Having said that, the true purpose of a UPS device is to get you over those short power events, or to permit you time to do an orderly shutdown of your equipment (such as allowing you to turn off your projector and have power for the cooling fan to run to keep it from frying the bulb). A UPS is not meant to allow you to sit down and watch the full Star Wars saga (all 6 episodes), while running on battery. (Too many people seem to that this is what the battery backup is for!)


If you have other devices plugged into the UPS and they are shutdown (powered off), or if the dvr is the only device plugged into the UPS then there should be adequate capacity (with most UPS units) to allow the 2160/513 to remain powered and thus keep your scheduled recordings intact throughout some even more "extended" outages.

How many years can you get from a UPS until the internal battery needs replacement? Where do you obtain replacements?


Jim
 

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Quote:
Originally Posted by JimLely /forum/post/18766422


How many years can you get from a UPS until the internal battery needs replacement? Where do you obtain replacements?


Jim

Most "Home/Small Office" type UPS units utilize a sealed lead-acid battery. Typical battery life in these units is around 3 - 5 years. Actual life is effected by many factors including overall battery age, number of charges/discharges, enviroment, etc.


Replacements are available directly from the UPS manufacturer as well as many aftermarket suppliers. Keep in mind the batteries used in these units are very heavy, so shipping costs are usually quite high.
 

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Hi all,


Well I have managed to fill up 2160 #2 already - 175 titles in EP - mostly half hour, some one hour program reruns that I like. This unit is in my bedroom - where I use it late night. I set it up with programs that I could watch when there is nothing good on the TV . I have not yet watched the vast majority of these titles. 2160 #1 is not far behind -- only 11 hours left.


When I started looking through my titles to see how I could free up some space, it was not long before frustration began to set in. Most of them have at least a 30 sec lead in before I could ID the actual program. When I tried to use the ff button to skip thru the lead in, I found it does not work in the Title mode. I can see this is going to be a very LONG & tedious process.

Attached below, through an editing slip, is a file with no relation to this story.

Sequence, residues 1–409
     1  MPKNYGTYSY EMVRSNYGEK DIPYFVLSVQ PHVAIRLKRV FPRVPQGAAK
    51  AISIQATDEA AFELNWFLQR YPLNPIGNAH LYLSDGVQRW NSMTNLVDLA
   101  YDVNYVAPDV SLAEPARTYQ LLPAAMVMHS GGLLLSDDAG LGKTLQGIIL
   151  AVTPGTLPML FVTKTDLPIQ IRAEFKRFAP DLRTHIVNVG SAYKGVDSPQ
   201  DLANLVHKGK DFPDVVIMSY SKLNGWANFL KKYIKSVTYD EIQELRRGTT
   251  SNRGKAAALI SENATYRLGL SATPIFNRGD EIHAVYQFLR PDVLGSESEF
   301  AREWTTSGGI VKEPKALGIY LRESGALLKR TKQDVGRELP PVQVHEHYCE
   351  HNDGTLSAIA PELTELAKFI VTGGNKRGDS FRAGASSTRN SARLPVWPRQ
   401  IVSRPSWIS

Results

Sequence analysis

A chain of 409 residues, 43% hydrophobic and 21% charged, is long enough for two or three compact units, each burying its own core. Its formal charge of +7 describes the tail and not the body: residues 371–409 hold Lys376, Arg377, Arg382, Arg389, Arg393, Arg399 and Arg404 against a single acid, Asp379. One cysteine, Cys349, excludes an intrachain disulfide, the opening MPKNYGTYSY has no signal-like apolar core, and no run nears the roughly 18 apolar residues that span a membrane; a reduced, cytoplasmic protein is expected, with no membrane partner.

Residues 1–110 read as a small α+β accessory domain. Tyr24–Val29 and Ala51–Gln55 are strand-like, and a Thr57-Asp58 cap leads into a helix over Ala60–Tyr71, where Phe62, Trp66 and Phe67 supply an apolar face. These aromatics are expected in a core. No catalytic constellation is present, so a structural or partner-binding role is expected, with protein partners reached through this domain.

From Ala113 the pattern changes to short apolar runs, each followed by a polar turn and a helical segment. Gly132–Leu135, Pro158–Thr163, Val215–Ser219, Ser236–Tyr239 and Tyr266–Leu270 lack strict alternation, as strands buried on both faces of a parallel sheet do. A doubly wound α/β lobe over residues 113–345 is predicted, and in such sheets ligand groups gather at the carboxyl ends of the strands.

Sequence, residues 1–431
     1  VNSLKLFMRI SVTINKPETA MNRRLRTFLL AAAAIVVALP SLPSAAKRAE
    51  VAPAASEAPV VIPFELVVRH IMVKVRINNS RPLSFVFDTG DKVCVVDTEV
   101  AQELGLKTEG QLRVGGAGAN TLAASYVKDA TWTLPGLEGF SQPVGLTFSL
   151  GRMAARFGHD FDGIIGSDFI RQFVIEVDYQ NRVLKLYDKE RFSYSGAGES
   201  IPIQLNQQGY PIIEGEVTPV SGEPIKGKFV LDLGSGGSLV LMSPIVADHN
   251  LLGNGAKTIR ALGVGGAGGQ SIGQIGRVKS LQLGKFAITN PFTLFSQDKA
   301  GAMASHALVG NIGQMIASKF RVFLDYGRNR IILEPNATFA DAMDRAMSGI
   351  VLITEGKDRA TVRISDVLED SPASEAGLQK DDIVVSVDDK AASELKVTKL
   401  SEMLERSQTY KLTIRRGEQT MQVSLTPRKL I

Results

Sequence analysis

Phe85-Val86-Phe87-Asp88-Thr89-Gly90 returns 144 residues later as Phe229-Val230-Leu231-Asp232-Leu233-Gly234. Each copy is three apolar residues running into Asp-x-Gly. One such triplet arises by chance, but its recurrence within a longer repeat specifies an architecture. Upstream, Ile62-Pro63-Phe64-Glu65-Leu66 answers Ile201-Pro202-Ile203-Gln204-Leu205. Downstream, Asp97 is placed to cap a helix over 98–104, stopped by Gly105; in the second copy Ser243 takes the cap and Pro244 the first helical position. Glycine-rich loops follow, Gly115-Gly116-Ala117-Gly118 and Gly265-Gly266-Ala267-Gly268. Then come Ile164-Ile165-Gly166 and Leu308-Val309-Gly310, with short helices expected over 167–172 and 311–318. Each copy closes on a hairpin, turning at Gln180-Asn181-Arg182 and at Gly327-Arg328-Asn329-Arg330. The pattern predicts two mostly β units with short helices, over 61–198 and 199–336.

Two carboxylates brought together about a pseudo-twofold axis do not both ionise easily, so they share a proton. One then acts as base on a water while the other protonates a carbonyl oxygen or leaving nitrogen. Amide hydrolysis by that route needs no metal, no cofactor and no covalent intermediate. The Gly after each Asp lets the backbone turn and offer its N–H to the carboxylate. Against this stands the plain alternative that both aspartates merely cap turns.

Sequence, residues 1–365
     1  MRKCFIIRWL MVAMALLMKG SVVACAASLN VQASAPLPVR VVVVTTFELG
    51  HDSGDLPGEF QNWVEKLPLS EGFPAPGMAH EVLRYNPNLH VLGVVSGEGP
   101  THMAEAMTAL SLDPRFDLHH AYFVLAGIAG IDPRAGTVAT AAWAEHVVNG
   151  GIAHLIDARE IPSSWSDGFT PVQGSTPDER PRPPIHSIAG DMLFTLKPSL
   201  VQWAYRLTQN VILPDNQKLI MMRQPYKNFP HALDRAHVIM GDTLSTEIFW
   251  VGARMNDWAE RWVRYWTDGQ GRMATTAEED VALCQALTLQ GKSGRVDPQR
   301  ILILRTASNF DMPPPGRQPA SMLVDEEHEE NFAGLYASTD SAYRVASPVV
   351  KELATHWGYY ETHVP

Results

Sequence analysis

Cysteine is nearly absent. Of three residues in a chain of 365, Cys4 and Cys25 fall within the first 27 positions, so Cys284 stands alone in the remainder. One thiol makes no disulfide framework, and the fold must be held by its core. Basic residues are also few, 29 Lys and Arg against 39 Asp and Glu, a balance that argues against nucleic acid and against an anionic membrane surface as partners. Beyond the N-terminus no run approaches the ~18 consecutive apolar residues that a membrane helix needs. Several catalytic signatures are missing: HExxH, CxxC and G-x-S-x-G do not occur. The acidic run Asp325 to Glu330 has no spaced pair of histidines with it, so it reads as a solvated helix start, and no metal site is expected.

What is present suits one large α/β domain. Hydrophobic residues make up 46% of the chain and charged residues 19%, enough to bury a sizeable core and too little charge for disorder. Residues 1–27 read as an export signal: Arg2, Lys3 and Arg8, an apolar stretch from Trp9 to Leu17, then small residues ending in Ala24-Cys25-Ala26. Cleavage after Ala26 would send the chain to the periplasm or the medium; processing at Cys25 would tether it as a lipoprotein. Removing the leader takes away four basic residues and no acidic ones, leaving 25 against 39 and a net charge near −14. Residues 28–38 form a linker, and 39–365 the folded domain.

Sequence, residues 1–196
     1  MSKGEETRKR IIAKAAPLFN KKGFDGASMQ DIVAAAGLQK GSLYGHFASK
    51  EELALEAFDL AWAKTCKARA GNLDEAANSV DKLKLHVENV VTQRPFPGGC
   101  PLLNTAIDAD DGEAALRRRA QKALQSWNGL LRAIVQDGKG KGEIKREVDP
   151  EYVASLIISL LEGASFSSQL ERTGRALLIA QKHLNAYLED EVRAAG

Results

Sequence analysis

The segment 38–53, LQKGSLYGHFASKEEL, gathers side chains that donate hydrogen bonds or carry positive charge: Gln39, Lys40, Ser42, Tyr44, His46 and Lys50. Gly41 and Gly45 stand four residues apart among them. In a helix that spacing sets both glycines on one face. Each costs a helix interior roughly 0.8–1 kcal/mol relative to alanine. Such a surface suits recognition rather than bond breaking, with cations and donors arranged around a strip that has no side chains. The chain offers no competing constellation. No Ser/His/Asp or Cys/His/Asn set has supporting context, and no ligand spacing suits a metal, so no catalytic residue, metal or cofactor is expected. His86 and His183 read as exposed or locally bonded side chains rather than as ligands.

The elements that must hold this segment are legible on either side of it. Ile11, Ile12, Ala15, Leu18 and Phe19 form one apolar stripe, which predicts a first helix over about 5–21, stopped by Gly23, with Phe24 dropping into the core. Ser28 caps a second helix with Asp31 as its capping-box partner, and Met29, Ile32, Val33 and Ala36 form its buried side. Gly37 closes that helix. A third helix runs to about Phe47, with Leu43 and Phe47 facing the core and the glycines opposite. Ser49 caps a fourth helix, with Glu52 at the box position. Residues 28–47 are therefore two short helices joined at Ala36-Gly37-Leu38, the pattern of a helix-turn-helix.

Isn't there enough info broadcast with the program for the 2160 to at least ID the basic program name -- such as "Becker" or "The King of Queens". That would help a lot. I don't want to delete any of the titles of these programs - I would like to collect as many episodes of these programs as I can find.


I guess I am going to have to Dub these programs to DVD - and then copy them to my computer. And then come back & delete most of the titles. Too bad there is not a usb port on these units. That would allow me to hook up a usb ext HD - where I could move files around at will. Much faster and more efficient. Have any of you Techno - Geeks out there looked into what it would take to add a usb port to the 2160? Probably not feasible.


A 500 Gig HDD probably would not be enough for what I want to do - although it would help. I really do not want to take that route right now.


I am sure many of you have gone thru this situation yourselves. I am open to suggestions you may have on the best way to attack this problem.


Jer
 

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Quote:
Originally Posted by JER01 /forum/post/18766857


When I started looking through my titles to see how I could free up some space, it was not long before frustration began to set in. Most of them have at least a 30 sec lead in before I could ID the actual program. When I tried to use the ff button to skip thru the lead in, I found it does not work in the Title mode. I can see this is going to be a very LONG & tedious process.

Just do a quick front cut edit to the point where there is a screen that will identify the recording for you. Start reading here:

http://www.avsforum.com/avs-vb/showp...count=17#Edit6
 

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Quote:
Originally Posted by waldwolf /forum/post/18766652


Most "Home/Small Office" type UPS units utilize a sealed lead-acid battery. Typical battery life in these units is around 3 - 5 years. Actual life is effected by many factors including overall battery age, number of charges/discharges, enviroment, etc.

3 - 5 years is quite optimistic in my experience with multiple units. 2 - 3 years is more realistic to what I've seen, and sometimes I've been lucky to get 1 year out of the battery/UPS (All were name brand units (same brand in fact), most were the "SmartUPS" variety which is more expensive and supposed to be better quality).


As to cost, the bigger the unit, the longer the runtime you get, but also the more expensive the battery (sometimes there will be multiple batteries in one UPS), and the heavier the batteries. Sometimes the replacement cost of the batteries is quite close to the cost of a completely new unit, so be cognizant of that when deciding what to do.